Do you know why there were 50+ women at church early on a Saturday morning? Why I was able to be the recipient of such wisdom and experience? Why dozens of women, desperate to live out their faith in their workplaces, nodded their heads in unison as they finally felt heard and understood?
Why? Because my friend felt many of the same things when she jumped into the workforce as a mom and wife. Like me, she thought it was really hard to balance it all. Like me, she felt alone. But UNLIKE me, she did something about it. I moped and complained. She gathered people. I looked within. She looked to others.
This happens all the time, right? We see holes, gaps, and areas of need, and we wait for the fixers and doers to show up.
We hope for a more vibrant women’s ministry.
We wish our kid’s ministry would just offer x, y, and z.
We just don’t understand why our church doesn’t seem to do this or care about that.
But the truth is, while we’re standing around sighing about the problems we see and the change we desire, we don’t even pause to think that WE may very well be the fixer we’re anxiously awaiting. We tap our impatient little feet waiting for someone to hear us out, grab ahold of our passions, and get ‘er done while we refuse to put our own feet to the pavement and start doing it ourselves.
Am I just preaching at myself here?
Whatev. While I’m getting all preachy, I have one final word to all of you church people out there. Heeeey. K, listen. Pastors are great. And they do a lot. I’m married to one- I KNOW. But you wanna know a little secret? They can’t do everything. And for many of them, it’s hard to come to terms with this. So when you approach them with an idea that gets you all fired up with excitement, don’t leave their office in a tizzy if their response is, “That’s awesome! You do it, and we’ll help!” No. Because often, the best leaders are those who empower and equip others to go out and lead well. Be grateful you have such a leader.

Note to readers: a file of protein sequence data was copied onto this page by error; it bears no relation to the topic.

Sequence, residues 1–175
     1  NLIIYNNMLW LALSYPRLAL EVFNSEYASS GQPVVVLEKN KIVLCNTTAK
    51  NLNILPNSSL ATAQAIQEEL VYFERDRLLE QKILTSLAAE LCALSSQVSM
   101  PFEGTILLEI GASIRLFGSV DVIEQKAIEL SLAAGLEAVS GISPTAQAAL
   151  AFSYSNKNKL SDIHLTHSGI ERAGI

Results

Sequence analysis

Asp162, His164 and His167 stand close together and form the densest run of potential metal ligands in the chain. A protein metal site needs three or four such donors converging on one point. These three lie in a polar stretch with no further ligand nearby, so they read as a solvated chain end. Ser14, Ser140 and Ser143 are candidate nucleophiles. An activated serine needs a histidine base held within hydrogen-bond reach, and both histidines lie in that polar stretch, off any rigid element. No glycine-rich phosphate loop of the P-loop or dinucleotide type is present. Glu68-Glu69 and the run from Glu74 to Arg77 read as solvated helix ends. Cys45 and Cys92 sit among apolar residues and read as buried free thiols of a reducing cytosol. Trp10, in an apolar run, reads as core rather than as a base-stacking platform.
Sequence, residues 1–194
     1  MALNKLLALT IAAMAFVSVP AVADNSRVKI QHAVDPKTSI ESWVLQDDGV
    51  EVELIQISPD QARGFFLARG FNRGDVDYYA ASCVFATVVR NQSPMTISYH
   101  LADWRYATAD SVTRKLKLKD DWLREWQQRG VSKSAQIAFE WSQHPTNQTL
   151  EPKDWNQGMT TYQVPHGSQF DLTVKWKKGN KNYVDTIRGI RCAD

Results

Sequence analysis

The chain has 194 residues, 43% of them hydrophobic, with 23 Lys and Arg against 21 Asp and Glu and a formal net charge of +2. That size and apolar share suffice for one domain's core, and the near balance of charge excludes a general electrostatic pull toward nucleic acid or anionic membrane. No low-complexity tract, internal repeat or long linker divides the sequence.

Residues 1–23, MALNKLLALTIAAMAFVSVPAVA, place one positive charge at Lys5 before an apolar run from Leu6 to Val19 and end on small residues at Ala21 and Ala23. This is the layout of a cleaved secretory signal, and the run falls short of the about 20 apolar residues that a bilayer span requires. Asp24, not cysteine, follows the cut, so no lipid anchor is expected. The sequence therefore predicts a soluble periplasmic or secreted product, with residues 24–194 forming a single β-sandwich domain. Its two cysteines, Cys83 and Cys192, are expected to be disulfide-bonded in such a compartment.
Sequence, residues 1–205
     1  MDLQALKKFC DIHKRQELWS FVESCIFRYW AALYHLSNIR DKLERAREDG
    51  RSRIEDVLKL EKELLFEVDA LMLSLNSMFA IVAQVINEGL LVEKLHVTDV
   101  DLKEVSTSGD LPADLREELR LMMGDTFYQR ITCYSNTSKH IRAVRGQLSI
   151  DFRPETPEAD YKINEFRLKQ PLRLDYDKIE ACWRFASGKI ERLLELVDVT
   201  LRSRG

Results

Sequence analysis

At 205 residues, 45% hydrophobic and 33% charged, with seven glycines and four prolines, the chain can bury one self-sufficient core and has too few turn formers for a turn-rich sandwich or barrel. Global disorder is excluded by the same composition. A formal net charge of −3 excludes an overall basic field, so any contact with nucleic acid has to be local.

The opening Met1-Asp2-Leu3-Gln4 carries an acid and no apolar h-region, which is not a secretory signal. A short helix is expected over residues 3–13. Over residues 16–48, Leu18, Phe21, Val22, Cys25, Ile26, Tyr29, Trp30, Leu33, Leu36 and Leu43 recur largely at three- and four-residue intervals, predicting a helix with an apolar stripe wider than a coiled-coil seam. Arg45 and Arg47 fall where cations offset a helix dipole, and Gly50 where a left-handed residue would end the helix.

So, dear friends, I end with this sage piece of advice: don’t be like me. Don’t be a grump and sit around wishing for things to change. Do something about it. Put in the hard work. The blood, sweat, and tears. Because that’s precisely when the exciting things happen. And it’s where the beauty of the body of Christ, with all of its different pieces and parts and giftings and talents and passions, becomes most evident.
(Plus, no one likes whiners. There’s that, too.)
photo cred: Ashley Gormon